“Now you tell me whether mental health treatment and physical treatment are the same or different?” he asked. “In my mind they’re dramatically different.”

Mr. Pitman’s brother, John, lived with schizoaffective disorder for 50 years. After being told by a psychiatrist that his mother was the root of John’s problems, his father was responsible for anything she wasn’t, and their dysfunctional family could be blamed for anything left over, the entire family was instructed to “stay out of his personal space,” and only meet him in neutral areas.

“We’re much more sophisticated about it today than we were 50 years ago. We don’t ask the questions with quite the same edge, but it starts with a series of questions about how a child was disciplined, and again it goes back to parental blame,” he said. “As long as that’s the game that we’re playing—and I do mean game, it’s a dangerous and harmful game—why on earth would anyone seek treatment?”

“I talk to parents all the time who say that their child has been handcuffed to a bed in the ER for 2 or 3 days, and then they’re told to take the child home because there aren’t enough beds,” he said. “Can you imagine what would happen in the US if somebody who’d had a heart attack was told to go home because there weren’t any beds?”

Fighting the Stigma

But he says there are signs the system is beginning to change. As it operates now, people with mental illness are often given a list of places to report to over a specified period, with appointment times and addresses. “People who are seriously mentally ill can’t do that. It’s beyond them, unless they have a navigator to lead them through the system,” Mr. Pitman said. “And I can tell you that back in Orange County, I’m going to tell them that we need navigators in the mental health system.”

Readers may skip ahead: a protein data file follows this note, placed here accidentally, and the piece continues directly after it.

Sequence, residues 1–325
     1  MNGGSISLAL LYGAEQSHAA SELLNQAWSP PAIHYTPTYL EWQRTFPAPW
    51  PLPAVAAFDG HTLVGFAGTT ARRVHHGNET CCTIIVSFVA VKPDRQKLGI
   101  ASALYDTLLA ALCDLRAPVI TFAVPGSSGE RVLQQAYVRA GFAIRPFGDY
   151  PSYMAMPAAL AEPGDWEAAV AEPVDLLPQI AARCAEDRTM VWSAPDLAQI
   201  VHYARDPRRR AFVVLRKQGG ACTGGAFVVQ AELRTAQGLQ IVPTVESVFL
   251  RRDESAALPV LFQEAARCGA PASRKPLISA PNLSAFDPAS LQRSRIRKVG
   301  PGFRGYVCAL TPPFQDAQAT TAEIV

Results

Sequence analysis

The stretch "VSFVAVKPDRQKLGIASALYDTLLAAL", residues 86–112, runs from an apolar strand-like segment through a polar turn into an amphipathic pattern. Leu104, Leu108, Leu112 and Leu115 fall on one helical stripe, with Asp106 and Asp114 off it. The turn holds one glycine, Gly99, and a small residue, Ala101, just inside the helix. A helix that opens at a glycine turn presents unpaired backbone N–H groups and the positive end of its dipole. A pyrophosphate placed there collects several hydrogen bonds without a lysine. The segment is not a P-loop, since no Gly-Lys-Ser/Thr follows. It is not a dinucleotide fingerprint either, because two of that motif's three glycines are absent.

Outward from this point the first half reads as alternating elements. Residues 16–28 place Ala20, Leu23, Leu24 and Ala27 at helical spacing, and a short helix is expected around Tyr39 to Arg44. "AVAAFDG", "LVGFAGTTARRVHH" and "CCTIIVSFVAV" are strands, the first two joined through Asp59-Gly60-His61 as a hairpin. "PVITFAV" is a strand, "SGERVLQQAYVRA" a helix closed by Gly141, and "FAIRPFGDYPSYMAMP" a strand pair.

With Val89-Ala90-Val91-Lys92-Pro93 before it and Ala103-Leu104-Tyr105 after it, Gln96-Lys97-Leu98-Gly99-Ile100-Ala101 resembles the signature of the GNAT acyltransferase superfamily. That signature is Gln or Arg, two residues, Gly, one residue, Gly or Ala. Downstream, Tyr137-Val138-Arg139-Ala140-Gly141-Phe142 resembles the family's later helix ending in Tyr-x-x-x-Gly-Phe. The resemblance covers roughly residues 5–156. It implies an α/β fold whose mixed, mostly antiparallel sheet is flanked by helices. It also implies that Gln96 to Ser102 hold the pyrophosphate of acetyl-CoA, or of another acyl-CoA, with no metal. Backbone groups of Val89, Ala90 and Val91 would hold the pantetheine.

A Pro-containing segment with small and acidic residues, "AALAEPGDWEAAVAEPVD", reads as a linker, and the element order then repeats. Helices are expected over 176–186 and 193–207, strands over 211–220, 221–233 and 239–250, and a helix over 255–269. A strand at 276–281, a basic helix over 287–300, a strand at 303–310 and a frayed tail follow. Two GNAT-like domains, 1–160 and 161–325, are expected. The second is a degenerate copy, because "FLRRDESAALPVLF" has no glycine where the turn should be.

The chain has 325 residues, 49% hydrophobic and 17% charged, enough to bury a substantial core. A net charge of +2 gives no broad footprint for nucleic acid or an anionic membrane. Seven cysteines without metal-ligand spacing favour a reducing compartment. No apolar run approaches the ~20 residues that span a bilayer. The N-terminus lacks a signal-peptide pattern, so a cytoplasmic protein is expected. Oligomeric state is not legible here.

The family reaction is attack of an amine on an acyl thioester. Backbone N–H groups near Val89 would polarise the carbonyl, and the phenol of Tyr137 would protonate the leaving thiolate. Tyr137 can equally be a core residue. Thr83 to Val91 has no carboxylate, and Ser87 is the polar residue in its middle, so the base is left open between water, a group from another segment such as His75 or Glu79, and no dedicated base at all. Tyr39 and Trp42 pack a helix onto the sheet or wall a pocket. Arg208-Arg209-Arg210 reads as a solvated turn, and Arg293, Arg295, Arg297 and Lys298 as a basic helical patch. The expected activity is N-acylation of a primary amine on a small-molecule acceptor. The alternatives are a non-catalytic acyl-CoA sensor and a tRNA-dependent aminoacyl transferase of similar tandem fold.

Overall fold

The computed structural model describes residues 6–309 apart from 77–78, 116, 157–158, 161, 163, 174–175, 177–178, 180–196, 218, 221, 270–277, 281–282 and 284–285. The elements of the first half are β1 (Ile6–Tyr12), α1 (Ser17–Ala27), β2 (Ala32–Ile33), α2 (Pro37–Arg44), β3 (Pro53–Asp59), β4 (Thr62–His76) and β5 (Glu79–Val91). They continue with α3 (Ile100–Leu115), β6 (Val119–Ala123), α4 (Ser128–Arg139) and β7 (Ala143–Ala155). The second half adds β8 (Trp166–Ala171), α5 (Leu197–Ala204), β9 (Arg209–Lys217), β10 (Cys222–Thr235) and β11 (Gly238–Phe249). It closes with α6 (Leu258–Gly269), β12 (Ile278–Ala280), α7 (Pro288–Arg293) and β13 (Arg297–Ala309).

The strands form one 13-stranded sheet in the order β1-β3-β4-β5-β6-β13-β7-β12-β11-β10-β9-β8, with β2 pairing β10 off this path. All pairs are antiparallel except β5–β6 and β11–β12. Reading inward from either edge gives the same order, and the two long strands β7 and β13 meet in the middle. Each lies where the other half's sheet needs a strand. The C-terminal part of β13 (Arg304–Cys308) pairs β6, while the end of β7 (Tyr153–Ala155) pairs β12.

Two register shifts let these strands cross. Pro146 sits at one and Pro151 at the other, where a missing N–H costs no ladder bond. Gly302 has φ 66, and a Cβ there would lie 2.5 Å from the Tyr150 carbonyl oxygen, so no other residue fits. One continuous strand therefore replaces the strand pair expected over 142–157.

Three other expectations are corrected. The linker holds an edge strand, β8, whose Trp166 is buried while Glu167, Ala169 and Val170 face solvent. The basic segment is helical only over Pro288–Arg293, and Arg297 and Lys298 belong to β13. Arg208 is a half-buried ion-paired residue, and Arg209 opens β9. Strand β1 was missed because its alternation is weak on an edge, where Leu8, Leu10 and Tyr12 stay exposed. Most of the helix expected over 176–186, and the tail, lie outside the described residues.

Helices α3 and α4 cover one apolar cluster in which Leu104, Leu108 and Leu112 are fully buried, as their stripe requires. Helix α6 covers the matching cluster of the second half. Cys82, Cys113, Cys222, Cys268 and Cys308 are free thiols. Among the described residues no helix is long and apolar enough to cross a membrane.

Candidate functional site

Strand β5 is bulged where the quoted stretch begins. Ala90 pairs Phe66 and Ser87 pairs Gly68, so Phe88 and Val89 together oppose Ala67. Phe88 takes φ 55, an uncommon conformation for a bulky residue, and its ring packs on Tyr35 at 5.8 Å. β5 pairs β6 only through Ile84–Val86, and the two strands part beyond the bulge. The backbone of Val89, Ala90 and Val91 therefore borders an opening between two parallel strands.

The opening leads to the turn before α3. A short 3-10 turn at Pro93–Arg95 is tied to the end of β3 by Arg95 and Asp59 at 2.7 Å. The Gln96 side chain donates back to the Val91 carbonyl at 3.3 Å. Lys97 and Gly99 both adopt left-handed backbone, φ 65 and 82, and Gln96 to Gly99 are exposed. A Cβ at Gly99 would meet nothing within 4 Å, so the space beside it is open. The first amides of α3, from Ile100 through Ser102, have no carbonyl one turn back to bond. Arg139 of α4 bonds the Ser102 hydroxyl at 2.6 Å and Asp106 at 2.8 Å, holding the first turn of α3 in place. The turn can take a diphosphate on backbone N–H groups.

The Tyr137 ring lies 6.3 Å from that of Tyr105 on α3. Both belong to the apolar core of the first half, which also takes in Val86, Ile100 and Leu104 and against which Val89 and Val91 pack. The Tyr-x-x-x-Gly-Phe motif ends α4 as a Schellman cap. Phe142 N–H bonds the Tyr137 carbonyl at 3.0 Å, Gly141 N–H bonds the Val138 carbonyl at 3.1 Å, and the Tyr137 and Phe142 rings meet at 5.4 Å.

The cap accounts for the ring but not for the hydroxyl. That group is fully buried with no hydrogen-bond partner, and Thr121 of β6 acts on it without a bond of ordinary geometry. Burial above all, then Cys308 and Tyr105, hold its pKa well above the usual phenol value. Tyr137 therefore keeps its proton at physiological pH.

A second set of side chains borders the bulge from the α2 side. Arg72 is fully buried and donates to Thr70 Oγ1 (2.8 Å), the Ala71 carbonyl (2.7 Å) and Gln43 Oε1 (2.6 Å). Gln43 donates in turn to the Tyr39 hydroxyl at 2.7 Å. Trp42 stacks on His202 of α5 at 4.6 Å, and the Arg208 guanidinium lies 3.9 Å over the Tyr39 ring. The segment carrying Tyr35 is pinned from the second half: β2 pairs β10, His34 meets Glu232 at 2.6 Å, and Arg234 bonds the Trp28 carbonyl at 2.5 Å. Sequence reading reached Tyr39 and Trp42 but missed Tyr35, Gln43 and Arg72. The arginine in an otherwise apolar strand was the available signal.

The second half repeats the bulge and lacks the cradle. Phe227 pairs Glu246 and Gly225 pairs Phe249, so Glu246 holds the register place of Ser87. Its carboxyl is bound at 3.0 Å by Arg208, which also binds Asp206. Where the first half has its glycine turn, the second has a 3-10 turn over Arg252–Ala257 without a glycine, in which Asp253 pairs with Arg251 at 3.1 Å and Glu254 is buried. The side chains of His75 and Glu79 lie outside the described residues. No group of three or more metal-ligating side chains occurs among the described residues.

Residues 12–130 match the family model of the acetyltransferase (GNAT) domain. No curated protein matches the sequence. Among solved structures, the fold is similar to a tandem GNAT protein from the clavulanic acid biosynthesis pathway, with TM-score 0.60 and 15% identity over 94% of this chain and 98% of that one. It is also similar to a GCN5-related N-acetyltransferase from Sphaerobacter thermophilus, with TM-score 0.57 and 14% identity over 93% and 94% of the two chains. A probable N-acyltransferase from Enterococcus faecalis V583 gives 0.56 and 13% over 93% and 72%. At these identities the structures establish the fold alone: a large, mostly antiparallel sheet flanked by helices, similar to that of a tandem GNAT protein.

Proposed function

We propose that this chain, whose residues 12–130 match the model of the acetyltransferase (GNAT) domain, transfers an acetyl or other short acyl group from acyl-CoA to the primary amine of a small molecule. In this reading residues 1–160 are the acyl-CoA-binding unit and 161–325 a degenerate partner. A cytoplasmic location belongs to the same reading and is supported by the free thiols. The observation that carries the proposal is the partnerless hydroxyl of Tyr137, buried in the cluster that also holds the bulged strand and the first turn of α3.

A facility in Orange County is now working to develop a center that will provide all treatment under 1 roof for 90 days, whether a person is struggling with mental illness, homelessness, or addictive disorders, with private insurance, public insurance, or no insurance.

NAMI is fighting the stigma by offering group meetings attended and led by people living with mental illness. Mr. Pitman believes the biggest challenge is getting mentally ill people in the door. They assume others attending will be either drooling in a corner or psychotic killers. But once they attend a meeting, they see that people with mental illness have relationships, careers, and live independently. “It’s not difficult to get them to continue, but getting them in the door, because of the stigma, is the biggest challenge we face,” he said.

Mr. Pitman advised the navigators, “Don’t assume that you haven’t already worked with mentally ill people in oncology. You have; they just don’t talk about it.”

Focusing on the Family

In the United States, mentally ill people are often separated from their families (Mr. Pitman cited HIPAA as one of the reasons). When a person with cancer is mentally ill, and their support system has drifted away, he says it is crucial to bring the family back in. Mr Pitman stated that it is often said in medical settings that a patient “has no family.”

“They all have a family, but the system beats up on the family so badly that by the time somebody with serious mental illness presents themselves in the hospital with cancer, the family is exhausted,” he said.

When John, Mr. Pitman’s brother, was hospitalized for his serious mental illness later in life, he fought any treatment he received. He pulled out his IV and catheter, and the doctors were at a loss as to how to treat him. Mr. Pitman asked his brother if he wanted to die, and John told him that in 6 weeks in the hospital, he had only 3 visitors. No one was in the waiting room fighting for him to get out, and so John gave up hope, and died soon after.

At John’s funeral, Mr. Pitman saw at least 250 people. “I thought to myself, ‘John would really be surprised, and he’d really be pleased,’” he recalled. “And then I thought, ‘Where were you when he needed you?’ Because of the fear that people have about mental illness, his friends and family just kind of drifted away.”